Papa bilong mipela,
yu stap long heven,
Nem bilong yu i mas i stap holi. 
Kingdom bilong yu i mas i kam.
Mipela i mas bihainim laik bilong yu long graun
Olsem ol i save bihainim long heven.
Nau yu ken givim mipela kaikai inap long dispela de.
Na yu ken lusim ol rong bilong mipela,
Olsem mipela i save lusim ol rong ol arapela i mekim long mipela.
Na yu no ken larim ol traim i kamap long mipela,
Tasol yu ken kisim bek mipela long ol samting nogut.
Kingdom na strong na biknem
Em i bilong yu tasol oltaim oltaim. I tru.

How did you do? I imagine it was pretty difficult for you to make much sense out of the prayer. But now I want you to read the prayer again with standard English spelling. Believe it or not, there are only four or five words in the entire prayer that are not derived from English. (Those words are defined below.)

kaikai = food
na = and
save = regularly (pronounced sah-vay)
i = untranslatable (ignore this word)
-im = perhaps from the English word him (ignore this word)

Papa belong me-fellow,
You stop along heaven,
Name belong you i must i stop holy.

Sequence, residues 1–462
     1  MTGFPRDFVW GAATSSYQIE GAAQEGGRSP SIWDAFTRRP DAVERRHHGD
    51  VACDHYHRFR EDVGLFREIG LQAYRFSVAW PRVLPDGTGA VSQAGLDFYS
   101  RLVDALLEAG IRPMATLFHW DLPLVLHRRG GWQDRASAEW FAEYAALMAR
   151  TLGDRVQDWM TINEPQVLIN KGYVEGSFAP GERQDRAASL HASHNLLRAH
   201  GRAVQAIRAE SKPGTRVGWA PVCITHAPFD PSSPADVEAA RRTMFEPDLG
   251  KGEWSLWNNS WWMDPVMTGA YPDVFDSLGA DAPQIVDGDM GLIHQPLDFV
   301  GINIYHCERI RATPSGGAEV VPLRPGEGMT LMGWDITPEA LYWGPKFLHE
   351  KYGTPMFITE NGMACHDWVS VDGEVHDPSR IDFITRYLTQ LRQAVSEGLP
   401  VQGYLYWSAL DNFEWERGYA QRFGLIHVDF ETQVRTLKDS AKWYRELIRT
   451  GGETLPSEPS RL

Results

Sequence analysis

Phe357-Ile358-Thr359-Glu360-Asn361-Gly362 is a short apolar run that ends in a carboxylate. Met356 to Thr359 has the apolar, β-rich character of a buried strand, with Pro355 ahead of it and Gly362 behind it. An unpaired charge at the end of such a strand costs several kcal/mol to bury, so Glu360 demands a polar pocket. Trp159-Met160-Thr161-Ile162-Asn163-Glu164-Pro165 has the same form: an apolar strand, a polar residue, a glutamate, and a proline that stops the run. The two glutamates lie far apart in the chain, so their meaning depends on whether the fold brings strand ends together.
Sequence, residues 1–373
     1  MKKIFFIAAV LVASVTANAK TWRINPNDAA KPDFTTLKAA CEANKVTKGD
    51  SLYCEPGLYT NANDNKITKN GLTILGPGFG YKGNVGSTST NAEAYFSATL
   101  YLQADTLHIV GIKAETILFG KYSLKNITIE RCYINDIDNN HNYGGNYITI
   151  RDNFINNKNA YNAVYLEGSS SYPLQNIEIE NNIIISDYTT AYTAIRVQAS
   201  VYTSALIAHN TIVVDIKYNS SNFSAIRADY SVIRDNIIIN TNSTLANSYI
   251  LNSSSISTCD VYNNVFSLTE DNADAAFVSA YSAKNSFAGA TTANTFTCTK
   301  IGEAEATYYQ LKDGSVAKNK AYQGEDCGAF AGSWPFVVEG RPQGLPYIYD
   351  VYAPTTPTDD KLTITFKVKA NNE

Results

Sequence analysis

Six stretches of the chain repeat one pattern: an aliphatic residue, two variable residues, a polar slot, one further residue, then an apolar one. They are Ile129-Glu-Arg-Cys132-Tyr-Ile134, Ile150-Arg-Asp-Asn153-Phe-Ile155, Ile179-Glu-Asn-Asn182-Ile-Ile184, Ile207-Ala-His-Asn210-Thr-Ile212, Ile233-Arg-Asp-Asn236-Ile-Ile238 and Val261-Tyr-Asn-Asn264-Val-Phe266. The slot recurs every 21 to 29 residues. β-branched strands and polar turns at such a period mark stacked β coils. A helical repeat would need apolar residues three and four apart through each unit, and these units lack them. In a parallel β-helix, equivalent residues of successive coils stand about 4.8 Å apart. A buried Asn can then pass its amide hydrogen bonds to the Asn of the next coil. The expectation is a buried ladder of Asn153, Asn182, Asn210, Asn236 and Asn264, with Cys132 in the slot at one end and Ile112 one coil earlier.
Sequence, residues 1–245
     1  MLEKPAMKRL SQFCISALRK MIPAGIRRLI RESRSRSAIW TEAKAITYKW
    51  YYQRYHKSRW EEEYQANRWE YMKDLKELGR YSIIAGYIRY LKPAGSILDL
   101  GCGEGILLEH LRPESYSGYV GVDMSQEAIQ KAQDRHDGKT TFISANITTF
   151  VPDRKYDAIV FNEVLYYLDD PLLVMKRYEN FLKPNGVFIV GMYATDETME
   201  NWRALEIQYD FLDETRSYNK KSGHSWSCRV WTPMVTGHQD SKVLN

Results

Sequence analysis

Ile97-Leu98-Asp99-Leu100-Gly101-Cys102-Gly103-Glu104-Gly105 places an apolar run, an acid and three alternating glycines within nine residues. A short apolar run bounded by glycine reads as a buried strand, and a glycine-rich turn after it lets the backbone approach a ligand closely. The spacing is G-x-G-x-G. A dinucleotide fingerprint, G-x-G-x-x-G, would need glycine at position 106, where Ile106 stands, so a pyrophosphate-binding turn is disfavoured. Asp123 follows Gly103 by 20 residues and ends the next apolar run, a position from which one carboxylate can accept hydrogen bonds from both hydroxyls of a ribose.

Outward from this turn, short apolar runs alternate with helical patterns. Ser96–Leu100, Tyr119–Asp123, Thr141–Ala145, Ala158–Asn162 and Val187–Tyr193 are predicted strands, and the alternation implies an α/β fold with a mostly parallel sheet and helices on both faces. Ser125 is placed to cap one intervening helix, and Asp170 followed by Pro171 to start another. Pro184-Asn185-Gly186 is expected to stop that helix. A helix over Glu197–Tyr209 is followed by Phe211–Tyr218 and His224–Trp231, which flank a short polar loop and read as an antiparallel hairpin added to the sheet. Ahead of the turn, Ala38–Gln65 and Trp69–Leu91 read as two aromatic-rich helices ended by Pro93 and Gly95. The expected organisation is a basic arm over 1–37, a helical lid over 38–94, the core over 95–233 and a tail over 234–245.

Kingdom belong you i must i come.
Me-fellow i must behind-im like belong you along ground
All-same all i save behind-im along heaven.
Now you can give-im me-fellow kaikai enough along this-fellow day.
Na you can loose-im all wrong belong me-fellow,
All-same me-fellow i save loose-im all wrong all another-fellow i make-im along me-fellow.
Na you no can let-im all try-im i come up along me-fellow,
Thats-all you can catch-im back me-fellow along all something no good.
Kingdom na strong na big name,
Him i belong you that’s-all all-time all-time. I true.

Did you understand more this time? Are you surprised at how much Tok Pisin you already know? Even though it was probably not entirely clear, in just a few short minutes you are already well on your way to understanding the Lord’s prayer in another language. But just in case it is still a bit foggy, let me write out the prayer one more time in a literal word-for-word English translation.

Father of us
You are in heaven,
Name of you must be holy.
Kingdom of you must come.
We must follow desire of you on earth
As they regularly follow [it] in heaven.
Now you can give us food enough for this day.
And you can release wrongs of us,
As we regularly release wrongs others make against us.